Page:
The Jakarta Post
Under the hammer: Jack-Philippe Rubella (center) leads the auction of Raden Saleh’s painting Banteng Hunt in Vanes, France, on Saturday. The painting became the most expensive Indonesian work of art after it was bought for €7.2 million (US$8.8 million). (French auction house Jack-Philippe Rubella/File)
A painting by Raden Saleh broke a new record as the most expensive Indonesian piece of art in the market at an auction in France on Saturday, when it was sold for €7.2 million (Rp 119.9 billion or US$8.8 million) to an anonymous Indonesian collector.
Auctioneer Jack-Philippe Ruellan said the auction of Saleh’s Perburuan Banteng (Banteng Hunt) was a great success.
“This is a record for Raden Saleh paintings and Indonesian paintings,” he told The Jakarta Post by email on Monday.
Indonesian art critic and consultant to the palace art collection Agus Dermawan T. also confirmed that it was the highest hammer price for the work of an Indonesian artist.
“Several years ago, the works of S. Sudjojono, Lee Man Fong, Hendra Gunawan, which are of much bigger size, were sold for Rp 60 billion [$4.4 million] to 85 billion,” Agus said.
Bidding for Saleh’s Banteng Hunt opened at €200,000. Prior to Saturday’s auction, the painting was expected to fetch €1 million. This prediction was based on the sale of a similar paining by Saleh titled The Deer Hunt, which sold for €1.5 million at Christie’s Singapore in 1996.
Ruellan said his auction house on Saturday had 12 telephone bidders and other two bidders in the room.
Read also: Raden Saleh painting discovered in France
“The final buyer was definitely determined, bidding was very fast between the room and the telephones,” Ruellan said, describing the auction as a ping-pong party.
“As soon as there was a telephone bid, the paddle in the room was rising… [It was] a very exciting moment for the auctioneer.”
He said Museum Pasifika in Bali was among the bidders for the painting.
“They did not get it, unfortunately, but they did put up a fight,” he said.
The anonymous buyer has created a buzz of speculation back home, including that the painting was bought by the new Museum of Modern and Contemporary Art in Nusantara (MACAN). The museum’s director, Aaron Seeto, however, did not respond to requests for comment.
Syed Muhammad Hafiz, one of the curators for the National Gallery Singapore’s exhibition “Between Worlds: Raden Saleh and Juan Luna,” which runs until March 11, said on Wednesday he had been aware of the auction in France since the auctioneer had been in Singapore to catch the exhibition earlier this month.
The auctioneer, he said, later emailed him to inform him that the piece eventually got auctioned off for more than €7.2 million — making it the most expensive Raden Saleh work ever, and making him the most expensive Indonesian artist in the auction market.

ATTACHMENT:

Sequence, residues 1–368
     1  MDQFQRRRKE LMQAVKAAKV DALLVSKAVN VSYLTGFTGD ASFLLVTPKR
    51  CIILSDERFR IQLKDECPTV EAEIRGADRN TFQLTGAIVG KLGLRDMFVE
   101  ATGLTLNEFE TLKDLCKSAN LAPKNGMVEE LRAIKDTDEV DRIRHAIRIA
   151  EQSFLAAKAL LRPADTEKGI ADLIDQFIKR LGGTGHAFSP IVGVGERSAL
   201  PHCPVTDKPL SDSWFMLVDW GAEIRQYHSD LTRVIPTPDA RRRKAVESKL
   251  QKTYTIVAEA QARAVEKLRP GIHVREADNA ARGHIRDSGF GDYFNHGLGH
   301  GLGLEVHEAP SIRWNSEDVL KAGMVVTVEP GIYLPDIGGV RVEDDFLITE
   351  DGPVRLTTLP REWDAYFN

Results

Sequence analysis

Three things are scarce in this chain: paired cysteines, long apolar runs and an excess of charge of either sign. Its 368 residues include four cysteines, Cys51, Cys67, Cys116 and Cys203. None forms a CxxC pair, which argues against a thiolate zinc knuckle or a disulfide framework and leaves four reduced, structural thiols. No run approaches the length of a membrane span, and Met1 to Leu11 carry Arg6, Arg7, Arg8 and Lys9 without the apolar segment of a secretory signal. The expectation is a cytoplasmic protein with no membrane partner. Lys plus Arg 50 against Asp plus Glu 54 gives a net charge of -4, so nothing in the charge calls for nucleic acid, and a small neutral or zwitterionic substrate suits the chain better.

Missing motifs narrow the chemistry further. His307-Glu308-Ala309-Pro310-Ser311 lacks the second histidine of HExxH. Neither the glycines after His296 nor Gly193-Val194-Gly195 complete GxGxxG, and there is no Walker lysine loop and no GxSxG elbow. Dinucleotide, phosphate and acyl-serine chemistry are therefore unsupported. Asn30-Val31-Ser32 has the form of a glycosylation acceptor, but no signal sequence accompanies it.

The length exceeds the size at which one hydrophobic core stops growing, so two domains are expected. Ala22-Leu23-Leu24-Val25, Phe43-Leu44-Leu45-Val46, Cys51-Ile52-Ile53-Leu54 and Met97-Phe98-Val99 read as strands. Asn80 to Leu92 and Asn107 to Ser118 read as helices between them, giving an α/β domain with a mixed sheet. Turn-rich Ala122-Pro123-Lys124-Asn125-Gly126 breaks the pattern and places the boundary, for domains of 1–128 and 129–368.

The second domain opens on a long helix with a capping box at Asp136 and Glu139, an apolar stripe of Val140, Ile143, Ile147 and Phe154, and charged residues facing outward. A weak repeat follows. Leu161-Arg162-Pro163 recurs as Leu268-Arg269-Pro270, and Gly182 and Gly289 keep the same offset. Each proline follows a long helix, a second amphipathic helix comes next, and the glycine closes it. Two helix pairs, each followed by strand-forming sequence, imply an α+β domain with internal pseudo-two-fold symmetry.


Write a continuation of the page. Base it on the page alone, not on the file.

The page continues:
“We all know Raden Saleh is an important figure in Indonesia’s art history, so it is not surprising this current painting reached that high price. His prices have been rising, and his works do not appear in the market often, so I think it’s a matter of time before it goes past the $10 million mark,” he said.
As for an Indonesian collector buying the piece, he said that on the one hand, that was a good thing, as the painting would be brought back to Indonesia from Paris. “But on the other hand, if the painting was bought by a private collector, that means it will not be seen by the Indonesian public, unless there is an exhibition featuring the painting,” Hafiz says.
“Is that good for the Indonesian art public? I’m not sure, because I think at the end of the day, for the public and the art world [including museums, curators and students] to benefit, they should be able to view the works of Raden Saleh from time to time. If not, he remains almost like a myth, where one hears about his greatness but does not really know what that greatness is about.”
The painting is the fourth installment to a trio of similar paintings representing a similar theme of a Banteng Hunt, two of which are in the art collection of the State Palace.
It was only rediscovered in August 2017 in the cellar of a retired French couple from Brittany, who wish to remain anonymous. The painting was given to the two as an inheritance from a great aunt who had lived with a diplomat and traveled all over the world.
According to research by French gallery Cabinet Turquin, the painting is believed to have been commissioned by Jules Stanislas Sigisbert Cézard, the son of wealthy French coffee and sugar traders who was born in Jakarta (then called Batavia) in 1829.
Cézard returned to France in 1859, selling his house and fittings including Saleh work, as announced in the newspaper Java-Bode.
Reuben Wylie is an intern at The Jakarta Post.
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